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Skip the Thanksgiving food fight
Avoid holiday stress

Somewhere between the first course of the Thanksgiving dinner and the pumpkin pie, the food fight begins. Holidays are often a time of family togetherness but they can also be a source of stress and conflict. The potential for drama has increased over the past two years during the COVID-19 pandemic, but it’s really nothing new.

Young children can also feel stress at holiday gatherings, said Krystal Woodral, Family Support Worker at Jefferson Elementary School in Great Bend. They may not be used to being around a lot of people, or they may have experienced something traumatic, such as the loss of a grandparent who is absent from the gathering for the first time.

At school, students are monitored for social-emotional wellness, with checks on how they handle anger, peer relationships and anxiety. Heading into the holidays, educators focus on scenarios that the children may come up against and they ask, “How would you feel in this situation and what would you do?”

Adults can use the same techniques to help their children deal with holiday stress and they can also use these techniques themselves, Woodral said. Think about the time you will be spending with family and scenarios from previous years that have led to anxiety or escalated to an argument.

Make a list before the holiday of ways your family triggers negative feelings. Plan to avoid these irritations.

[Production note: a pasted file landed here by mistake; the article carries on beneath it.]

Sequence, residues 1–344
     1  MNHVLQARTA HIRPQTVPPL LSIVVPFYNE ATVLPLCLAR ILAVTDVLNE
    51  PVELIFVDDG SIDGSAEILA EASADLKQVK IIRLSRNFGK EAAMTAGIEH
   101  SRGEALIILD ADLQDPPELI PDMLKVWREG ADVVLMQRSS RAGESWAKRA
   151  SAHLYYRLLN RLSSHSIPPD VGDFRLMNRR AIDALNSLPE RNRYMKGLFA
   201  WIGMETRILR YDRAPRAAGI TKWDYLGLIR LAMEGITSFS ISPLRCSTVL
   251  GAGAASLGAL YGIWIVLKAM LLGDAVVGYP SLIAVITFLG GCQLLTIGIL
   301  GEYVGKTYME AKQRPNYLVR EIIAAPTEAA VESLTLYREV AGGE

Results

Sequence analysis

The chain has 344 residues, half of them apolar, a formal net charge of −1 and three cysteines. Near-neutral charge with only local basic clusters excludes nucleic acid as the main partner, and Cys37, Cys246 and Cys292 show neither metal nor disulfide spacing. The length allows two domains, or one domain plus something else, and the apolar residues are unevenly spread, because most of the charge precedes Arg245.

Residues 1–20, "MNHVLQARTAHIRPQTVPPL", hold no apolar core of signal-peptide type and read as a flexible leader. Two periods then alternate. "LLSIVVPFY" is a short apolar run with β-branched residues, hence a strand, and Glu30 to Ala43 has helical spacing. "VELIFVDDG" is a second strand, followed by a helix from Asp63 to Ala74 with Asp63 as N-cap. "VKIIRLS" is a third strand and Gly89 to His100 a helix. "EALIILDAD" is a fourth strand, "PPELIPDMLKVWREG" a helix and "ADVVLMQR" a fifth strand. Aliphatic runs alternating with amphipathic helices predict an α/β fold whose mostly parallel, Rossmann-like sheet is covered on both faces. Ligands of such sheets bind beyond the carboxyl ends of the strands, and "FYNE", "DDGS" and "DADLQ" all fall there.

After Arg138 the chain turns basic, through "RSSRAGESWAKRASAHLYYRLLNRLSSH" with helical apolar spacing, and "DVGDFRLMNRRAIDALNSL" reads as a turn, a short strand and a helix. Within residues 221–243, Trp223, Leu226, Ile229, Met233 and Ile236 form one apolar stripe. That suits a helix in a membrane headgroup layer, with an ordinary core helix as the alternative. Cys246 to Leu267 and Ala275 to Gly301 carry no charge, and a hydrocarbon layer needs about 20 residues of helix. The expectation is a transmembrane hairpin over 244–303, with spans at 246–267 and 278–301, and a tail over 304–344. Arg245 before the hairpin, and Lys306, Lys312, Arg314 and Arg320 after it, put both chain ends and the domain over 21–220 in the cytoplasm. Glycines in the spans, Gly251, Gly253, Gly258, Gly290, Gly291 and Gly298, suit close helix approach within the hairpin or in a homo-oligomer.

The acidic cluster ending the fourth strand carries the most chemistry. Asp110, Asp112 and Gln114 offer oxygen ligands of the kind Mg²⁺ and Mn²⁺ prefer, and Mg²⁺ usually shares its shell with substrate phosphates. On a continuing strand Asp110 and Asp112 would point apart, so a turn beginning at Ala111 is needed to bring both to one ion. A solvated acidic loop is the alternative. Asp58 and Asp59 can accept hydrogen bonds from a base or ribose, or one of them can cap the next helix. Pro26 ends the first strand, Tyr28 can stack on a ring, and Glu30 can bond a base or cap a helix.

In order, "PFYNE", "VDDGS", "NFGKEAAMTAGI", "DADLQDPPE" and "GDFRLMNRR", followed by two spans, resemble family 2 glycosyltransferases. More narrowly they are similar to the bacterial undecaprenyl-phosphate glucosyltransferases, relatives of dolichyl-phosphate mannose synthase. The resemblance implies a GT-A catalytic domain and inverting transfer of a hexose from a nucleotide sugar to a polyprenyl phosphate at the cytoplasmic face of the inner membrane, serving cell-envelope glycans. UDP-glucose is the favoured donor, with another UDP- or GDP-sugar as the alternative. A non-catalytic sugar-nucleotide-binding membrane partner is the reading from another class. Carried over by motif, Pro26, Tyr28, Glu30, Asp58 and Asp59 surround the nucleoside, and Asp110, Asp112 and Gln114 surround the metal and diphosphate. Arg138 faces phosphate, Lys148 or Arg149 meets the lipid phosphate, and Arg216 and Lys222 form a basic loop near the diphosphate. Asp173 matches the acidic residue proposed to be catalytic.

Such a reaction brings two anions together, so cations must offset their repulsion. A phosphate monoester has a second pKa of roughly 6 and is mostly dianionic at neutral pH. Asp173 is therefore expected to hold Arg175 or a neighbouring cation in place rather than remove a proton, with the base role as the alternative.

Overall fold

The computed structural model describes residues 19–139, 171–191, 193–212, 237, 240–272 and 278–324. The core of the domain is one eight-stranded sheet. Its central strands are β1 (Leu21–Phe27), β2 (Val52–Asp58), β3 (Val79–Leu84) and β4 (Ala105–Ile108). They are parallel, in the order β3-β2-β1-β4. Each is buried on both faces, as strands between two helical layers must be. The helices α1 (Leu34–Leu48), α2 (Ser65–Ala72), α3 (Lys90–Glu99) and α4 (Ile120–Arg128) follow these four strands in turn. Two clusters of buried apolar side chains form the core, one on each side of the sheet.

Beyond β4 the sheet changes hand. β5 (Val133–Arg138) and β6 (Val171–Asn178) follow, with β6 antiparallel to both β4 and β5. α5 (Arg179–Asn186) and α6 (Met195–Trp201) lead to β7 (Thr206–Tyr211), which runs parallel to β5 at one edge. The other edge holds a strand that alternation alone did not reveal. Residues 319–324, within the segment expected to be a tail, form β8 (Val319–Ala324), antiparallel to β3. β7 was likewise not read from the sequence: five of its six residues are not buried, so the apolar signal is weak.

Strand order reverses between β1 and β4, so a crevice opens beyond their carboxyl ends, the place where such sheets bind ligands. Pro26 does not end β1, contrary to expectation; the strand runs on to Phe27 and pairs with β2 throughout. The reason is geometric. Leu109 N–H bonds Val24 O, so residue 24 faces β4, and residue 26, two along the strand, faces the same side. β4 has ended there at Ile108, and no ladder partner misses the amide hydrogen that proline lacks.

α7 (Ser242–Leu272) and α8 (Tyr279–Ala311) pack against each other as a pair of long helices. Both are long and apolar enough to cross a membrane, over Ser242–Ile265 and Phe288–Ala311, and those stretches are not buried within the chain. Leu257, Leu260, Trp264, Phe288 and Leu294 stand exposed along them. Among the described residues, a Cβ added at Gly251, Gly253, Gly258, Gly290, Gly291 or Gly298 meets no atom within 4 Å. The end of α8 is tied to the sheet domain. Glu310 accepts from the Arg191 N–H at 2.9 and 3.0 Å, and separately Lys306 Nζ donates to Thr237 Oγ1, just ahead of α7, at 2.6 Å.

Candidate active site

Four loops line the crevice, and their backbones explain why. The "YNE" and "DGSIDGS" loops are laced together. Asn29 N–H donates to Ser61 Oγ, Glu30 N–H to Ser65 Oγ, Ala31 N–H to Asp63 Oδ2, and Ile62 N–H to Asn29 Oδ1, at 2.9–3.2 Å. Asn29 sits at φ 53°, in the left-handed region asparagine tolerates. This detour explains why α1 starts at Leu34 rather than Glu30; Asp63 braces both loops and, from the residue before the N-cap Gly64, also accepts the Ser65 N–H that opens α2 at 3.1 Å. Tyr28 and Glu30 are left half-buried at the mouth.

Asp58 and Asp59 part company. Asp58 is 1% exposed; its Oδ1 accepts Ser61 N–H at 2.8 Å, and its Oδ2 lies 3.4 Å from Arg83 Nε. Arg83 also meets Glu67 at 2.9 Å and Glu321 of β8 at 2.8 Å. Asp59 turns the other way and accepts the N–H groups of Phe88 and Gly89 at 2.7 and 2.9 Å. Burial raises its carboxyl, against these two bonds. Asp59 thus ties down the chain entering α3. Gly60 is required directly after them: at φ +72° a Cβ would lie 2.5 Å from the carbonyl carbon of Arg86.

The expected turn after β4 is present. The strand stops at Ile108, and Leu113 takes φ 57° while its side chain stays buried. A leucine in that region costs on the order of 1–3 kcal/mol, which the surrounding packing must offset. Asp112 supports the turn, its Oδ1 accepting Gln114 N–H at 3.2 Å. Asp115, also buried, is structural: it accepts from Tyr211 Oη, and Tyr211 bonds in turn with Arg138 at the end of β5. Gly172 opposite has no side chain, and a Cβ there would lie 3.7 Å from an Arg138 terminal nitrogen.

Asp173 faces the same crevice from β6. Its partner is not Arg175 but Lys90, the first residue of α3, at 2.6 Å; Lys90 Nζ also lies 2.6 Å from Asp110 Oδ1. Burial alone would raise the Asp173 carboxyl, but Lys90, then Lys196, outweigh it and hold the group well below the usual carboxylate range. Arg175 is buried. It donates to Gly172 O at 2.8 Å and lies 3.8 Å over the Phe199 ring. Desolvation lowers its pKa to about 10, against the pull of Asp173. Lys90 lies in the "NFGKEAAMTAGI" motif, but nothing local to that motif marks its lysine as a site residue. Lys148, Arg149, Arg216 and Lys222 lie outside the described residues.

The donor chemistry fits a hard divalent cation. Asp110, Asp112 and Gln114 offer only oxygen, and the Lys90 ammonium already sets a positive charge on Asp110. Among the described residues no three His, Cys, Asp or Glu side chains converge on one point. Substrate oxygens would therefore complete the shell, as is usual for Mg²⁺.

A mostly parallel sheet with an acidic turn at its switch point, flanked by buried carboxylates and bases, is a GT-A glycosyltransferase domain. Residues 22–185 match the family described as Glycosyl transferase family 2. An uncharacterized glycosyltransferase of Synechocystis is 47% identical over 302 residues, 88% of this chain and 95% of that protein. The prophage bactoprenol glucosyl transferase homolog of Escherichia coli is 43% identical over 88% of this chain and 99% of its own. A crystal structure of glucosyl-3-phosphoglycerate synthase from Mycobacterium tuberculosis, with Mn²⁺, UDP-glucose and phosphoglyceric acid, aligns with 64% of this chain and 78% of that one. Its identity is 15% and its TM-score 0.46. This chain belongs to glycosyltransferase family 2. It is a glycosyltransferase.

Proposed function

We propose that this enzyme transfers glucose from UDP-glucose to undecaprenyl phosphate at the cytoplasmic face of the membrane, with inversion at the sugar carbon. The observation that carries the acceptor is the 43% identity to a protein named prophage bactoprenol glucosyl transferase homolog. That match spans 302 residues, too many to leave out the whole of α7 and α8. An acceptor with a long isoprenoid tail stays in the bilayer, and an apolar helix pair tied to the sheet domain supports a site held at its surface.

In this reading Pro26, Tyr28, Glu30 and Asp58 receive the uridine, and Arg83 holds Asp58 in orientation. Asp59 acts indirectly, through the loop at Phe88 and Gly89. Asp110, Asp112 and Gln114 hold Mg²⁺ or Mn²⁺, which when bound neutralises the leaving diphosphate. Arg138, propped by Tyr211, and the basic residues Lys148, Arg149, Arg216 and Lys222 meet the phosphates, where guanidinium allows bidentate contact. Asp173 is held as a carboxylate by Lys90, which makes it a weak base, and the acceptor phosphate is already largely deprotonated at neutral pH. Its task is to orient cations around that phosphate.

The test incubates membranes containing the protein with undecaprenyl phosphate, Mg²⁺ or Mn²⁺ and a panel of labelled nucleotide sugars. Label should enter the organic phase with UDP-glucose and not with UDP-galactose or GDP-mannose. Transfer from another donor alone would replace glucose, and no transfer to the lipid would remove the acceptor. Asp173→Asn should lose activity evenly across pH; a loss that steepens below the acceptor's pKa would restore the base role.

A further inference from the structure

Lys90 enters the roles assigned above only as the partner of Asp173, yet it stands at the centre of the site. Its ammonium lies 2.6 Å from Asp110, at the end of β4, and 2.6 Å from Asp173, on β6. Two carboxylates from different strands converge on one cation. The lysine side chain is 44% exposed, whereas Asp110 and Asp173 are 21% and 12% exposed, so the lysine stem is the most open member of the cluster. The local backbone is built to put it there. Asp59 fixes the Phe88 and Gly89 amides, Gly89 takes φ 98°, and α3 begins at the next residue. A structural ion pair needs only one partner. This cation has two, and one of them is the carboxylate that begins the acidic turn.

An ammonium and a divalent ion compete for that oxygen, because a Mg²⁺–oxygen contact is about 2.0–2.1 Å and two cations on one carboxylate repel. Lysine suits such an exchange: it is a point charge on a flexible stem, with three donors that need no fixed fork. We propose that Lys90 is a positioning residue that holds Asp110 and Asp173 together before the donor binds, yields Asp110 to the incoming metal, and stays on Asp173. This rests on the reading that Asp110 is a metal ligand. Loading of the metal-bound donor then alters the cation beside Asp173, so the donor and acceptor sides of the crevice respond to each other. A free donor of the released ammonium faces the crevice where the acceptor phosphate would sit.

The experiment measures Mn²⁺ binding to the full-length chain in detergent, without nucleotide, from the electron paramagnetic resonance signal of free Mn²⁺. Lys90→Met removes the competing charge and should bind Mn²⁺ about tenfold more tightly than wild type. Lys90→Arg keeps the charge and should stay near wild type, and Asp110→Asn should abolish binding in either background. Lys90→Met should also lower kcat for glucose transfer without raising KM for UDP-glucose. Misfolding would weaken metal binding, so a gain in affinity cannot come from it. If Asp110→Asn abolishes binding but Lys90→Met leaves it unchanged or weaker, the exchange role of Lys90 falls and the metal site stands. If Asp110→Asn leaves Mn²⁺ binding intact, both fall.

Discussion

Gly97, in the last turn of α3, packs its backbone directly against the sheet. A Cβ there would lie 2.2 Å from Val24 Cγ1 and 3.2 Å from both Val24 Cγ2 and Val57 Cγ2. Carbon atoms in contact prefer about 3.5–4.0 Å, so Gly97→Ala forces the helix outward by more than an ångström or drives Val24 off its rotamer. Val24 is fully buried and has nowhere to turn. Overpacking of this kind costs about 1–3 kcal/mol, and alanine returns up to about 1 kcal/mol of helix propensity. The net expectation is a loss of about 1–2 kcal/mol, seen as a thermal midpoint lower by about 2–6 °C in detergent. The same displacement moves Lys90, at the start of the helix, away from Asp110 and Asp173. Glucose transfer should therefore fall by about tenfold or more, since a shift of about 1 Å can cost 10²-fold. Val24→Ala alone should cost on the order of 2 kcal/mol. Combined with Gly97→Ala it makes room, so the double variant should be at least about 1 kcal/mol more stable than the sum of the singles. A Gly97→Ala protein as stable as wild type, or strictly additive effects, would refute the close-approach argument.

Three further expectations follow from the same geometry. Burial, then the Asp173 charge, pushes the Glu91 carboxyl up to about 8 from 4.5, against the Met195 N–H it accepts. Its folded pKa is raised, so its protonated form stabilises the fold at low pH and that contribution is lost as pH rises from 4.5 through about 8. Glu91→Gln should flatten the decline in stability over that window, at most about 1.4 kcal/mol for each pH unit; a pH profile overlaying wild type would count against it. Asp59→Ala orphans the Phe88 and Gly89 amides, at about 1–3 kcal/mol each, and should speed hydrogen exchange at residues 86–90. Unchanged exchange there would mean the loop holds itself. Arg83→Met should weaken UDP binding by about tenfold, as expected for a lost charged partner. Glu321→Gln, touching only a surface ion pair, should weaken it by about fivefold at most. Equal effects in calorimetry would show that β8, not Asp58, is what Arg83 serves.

Tips for holiday stress

Here are five things you can do this week and throughout holiday gatherings to ease family tension:

• Reduce travel stress - Pack healthy snacks (nuts, fruits, and cut-up vegetables are great choices) to curb stress eating. Leave yourself more time than you think you’ll need to get to your destination. 

• Stick to family rules - Your kids need structure but holiday visits will put them off their routine. If there are thinks that make you uncomfortable - such as an in-law who wants to spank you child or over-indulge them, you have the right to remain firm in your rules. But ...

• Pick your battles - Let others do things their way and be themselves. Family members should show respect for one another. Hold firm when it comes to health, safety and basic family values, but be flexible on some things. Refuse to engage in arguments over politics or anything that is likely to lead to a family blowup.

• Deflect argumentative or judgmental comments. Be ready to say, “I’d rather not talk about that but let’s set the table.”

• Recognize the value in all your relationships. Cherish the moment.